Tenement Museum in NYC is Gem

I had heard good reports about the Tenement Museum, a Smithsonian affiliate museum in the lower east side of New York City. I decided it was time to visit. That’s not so easy to do. You must visit the museum in a tour for reasons that become obvious once you go. The spaces are very tight and fragile. Each tour group is only about 14 people. Arriving around 10:30 a.m., the first available tour wasn’t until 2 p.m., and this was during a slow day in the middle of the week. You can book online and, perhaps, have a better experience. I took the first available one — Sweatshop Workers — but there are others. Each is led by an “educator.” All of the tours are expensive, but some discounts are available for seniors and students. Don’t miss this place if you are in New York City!
Except for Native Americans, we are all immigrants. The Tenement Museum concentrates on the great wave of immigration around 1910 from Europe. I knew that many of them lived in tenements on the lower east side of New York City. I had no idea what that life was actually like until I took the museum tour. Unfortunately, the Tenement does not allow any photography — even more reason to see it.

Today, gentrification has taken over the lower east side of New York; apartments cost more than $1 million. Down the street from the museum, the old Essex Street Market — once a place for pushcart vendors — is being re-imagined as an upscale shopping center while retaining some nods to its humble past, including a timeline on the wall that explains the changes in the neighborhood. The Tenement Museum is a step back in time inside an abandoned tenement building cleaned up a bit with reinforced stairways. You learn that building codes made residential use too expensive and landlords were satisfied with increased street-level retail rent. Abandoned upper levels were for retail storage and rats.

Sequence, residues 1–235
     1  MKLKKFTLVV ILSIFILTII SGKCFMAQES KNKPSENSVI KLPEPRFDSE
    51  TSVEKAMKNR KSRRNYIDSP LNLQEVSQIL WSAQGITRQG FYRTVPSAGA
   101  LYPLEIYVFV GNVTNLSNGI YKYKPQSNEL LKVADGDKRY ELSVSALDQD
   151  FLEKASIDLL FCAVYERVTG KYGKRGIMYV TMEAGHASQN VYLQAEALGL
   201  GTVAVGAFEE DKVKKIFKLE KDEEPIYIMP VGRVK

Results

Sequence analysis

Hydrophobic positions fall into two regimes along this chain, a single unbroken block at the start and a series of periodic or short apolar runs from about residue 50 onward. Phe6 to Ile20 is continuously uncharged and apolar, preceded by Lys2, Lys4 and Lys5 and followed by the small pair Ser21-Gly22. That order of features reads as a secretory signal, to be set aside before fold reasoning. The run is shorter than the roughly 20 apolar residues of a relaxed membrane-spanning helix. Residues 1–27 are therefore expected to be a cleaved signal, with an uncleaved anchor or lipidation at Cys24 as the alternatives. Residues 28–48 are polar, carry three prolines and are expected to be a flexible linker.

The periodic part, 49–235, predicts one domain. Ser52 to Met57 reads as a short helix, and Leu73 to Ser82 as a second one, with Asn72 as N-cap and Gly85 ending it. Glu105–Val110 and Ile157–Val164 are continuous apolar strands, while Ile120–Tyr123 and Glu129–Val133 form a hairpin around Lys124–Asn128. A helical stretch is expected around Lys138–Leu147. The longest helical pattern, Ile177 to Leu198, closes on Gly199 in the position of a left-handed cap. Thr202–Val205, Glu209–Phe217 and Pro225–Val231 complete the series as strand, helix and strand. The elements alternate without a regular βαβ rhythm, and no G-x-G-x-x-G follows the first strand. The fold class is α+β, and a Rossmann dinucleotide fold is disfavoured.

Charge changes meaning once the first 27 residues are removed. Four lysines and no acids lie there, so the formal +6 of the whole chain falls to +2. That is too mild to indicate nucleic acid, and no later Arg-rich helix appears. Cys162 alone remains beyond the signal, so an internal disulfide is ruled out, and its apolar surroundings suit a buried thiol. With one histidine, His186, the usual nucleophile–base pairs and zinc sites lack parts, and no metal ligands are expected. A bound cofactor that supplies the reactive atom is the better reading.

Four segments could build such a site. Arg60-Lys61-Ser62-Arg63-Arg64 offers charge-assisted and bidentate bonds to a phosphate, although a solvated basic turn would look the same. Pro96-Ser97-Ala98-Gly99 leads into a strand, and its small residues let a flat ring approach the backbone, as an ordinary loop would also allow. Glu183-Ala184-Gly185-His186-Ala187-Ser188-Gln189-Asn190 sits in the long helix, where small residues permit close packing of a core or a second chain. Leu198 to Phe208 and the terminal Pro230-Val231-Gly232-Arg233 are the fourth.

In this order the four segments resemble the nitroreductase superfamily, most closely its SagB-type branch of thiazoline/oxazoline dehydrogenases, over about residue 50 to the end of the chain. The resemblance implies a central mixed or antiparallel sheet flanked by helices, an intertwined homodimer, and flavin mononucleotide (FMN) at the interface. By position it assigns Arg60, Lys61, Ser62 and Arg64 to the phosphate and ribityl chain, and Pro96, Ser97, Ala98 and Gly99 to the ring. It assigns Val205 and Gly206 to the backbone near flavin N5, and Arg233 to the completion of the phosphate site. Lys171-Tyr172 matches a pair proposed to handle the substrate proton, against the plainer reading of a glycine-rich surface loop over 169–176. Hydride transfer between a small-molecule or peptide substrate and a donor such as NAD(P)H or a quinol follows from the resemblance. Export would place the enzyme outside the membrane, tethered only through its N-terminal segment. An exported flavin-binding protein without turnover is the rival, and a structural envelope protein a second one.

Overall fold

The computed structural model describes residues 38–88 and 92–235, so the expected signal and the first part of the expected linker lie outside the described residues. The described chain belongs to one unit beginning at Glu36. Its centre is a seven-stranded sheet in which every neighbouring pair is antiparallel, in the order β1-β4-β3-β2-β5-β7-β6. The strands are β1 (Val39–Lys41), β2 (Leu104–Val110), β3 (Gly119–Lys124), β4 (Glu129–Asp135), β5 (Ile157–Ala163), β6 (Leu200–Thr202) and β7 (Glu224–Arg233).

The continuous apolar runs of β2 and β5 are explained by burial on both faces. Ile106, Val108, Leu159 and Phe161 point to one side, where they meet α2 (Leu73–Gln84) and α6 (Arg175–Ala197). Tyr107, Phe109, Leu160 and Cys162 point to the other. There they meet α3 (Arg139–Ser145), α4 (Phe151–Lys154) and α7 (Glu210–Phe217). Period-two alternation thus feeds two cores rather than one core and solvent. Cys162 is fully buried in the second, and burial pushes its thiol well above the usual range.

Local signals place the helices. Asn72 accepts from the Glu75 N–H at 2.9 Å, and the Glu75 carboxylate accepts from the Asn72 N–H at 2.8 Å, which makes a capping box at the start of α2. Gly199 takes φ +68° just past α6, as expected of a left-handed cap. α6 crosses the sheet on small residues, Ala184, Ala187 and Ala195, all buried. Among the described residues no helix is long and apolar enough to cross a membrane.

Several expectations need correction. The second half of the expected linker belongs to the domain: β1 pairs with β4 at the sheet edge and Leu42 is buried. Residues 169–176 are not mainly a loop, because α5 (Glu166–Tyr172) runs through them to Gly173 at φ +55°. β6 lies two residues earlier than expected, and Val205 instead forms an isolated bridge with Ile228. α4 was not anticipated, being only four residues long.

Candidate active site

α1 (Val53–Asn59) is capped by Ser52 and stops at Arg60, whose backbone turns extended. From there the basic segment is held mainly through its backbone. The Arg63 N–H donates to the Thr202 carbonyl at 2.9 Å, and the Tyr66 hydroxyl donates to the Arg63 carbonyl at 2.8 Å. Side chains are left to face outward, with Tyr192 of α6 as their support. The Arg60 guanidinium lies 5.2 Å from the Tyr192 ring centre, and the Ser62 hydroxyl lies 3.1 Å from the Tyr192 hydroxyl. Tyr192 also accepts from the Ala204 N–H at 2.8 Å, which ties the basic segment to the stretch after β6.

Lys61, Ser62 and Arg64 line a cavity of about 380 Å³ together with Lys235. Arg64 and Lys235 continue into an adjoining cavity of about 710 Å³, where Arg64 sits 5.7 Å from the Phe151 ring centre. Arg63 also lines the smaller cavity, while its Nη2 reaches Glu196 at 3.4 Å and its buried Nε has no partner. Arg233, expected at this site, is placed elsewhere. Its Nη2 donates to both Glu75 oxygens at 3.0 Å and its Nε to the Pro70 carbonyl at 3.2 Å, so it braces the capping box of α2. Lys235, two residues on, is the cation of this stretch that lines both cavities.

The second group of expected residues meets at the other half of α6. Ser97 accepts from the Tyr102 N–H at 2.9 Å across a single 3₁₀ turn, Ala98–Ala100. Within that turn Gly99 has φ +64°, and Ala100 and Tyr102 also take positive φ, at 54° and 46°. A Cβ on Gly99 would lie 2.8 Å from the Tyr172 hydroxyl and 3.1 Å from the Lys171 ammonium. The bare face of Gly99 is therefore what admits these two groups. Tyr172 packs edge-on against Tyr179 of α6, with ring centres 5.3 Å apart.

The apartments that today are so expensive once housed six to seven people in a room the size of my bathroom. They were “walk ups,” without electricity or running water. Still the immigrants attempted to make the apartments as nice as possible. The details on the decorative walls and ceilings is remarkable, but with remnants so fragile you can’t touch, just look. Having to climb down three to four flights of stairs to a courtyard to use a shared bathroom with about 30 other people, and to carry water up for cooking and bathing, however, is hard to imagine today without seeing it.

A tenement apartment was only three tiny rooms, a sleeping room, a kitchen and a parlor. The entire apartment would fit in my dining room today. The parlor was typically devoted to piecemeal clothing-making using needle and thread. At night the parlor could be the sleeping place for a few inhabitants. Typical clothing made here would sell for $10 apiece at a place like Macy’s, and of that the worker would receive about 75 cents. Rent was about $15, so these workers definitely could not afford the garments they were making.

Eventually, with the advent of electricity, people began to buy sewing machines, and factories started to gather workers in one place. Also, as the factories in the lower east side generated more income for workers and the workers started to unionize, some were able to move to bigger quarters across the East River in Brooklyn. These hard-working immigrants would, over time, have children with better educations who would lift themselves out of poverty and become the middle class of America today.

The immigration saga continues today, one of the points of the Tenement Museum. The place may be different but the cycle is familiar. How we welcome or reject those coming to improve their lives in America says a lot about how America became the place it is today and whether it will continue to be that way in the future.